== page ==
However, Weik von Mossner criticizes this duality by arguing that “[i]t is somewhat limiting to assume that viewers’ minds operate in a binary mode that forces them to shift back and forth between a ‘narrative mode’ and a ‘spectacular mode’ of viewing, which are mutually exclusive” (59). According to Lefebvre’s definition, such an alternation between setting and landscape would take place a great number of times in The Revenant as natural vistas are frequently inserted in between scenes showing character action. This would most likely impair the flow of the narrative if these sequences were regarded as independent rather than as part of the viewing experience as a whole. Weik von Mossner’s argument that “spectacle and narrative can influence and reinforce one another” (59; cf. also King 17-40) can certainly be confirmed in the analysis of The Revenant, although in this case the emotions that the narrative and the spectacle produce are not reinforcing but rather contradictory. At a later stage, it will be shown that contradictions in emotion processing do not restrain each other.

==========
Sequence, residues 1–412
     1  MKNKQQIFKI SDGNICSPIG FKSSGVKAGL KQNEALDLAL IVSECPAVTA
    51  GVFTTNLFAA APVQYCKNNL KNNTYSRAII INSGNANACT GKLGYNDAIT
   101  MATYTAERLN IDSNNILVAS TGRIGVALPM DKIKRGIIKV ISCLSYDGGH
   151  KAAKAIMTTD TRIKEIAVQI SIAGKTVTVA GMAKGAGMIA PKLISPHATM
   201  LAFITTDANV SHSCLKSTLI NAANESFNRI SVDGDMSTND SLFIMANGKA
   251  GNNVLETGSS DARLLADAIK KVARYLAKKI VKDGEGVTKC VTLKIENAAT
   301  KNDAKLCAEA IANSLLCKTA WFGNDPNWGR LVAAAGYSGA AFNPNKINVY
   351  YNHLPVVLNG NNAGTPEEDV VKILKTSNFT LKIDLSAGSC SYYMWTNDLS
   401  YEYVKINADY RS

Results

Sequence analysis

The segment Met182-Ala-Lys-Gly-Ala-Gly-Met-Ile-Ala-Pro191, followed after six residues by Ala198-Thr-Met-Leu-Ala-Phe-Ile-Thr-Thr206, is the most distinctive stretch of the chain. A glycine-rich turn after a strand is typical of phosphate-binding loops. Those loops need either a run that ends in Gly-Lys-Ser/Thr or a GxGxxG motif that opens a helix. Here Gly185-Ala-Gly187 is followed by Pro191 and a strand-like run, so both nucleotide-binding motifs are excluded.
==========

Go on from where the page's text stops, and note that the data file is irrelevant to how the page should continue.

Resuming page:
While these landscape images can almost be enjoyed as pieces of visual art that remind spectators how captivatingly beautiful nature is, they have a greater function within the narrative as a whole and therefore cannot be regarded as instances “in which the cinematic landscape becomes a pure spectacle” (Weik von Mossner 57). As a matter of fact, they are not independent art pieces but deliberate parts of the entire film experience. One reason why cutaways are used in film, according to Kooperman, may be to navigate the focus to a “subtext” (94). Essentially, the film is Hugh Glass’ survival story, and spectators who are in allegiance with him want him to succeed and to learn to control nature for his own purposes. However, in this man versus nature survival narrative, the harm that humanity brings upon nature is a significant subtext. Viewers cannot help but notice the detrimental effects these men force upon the environment.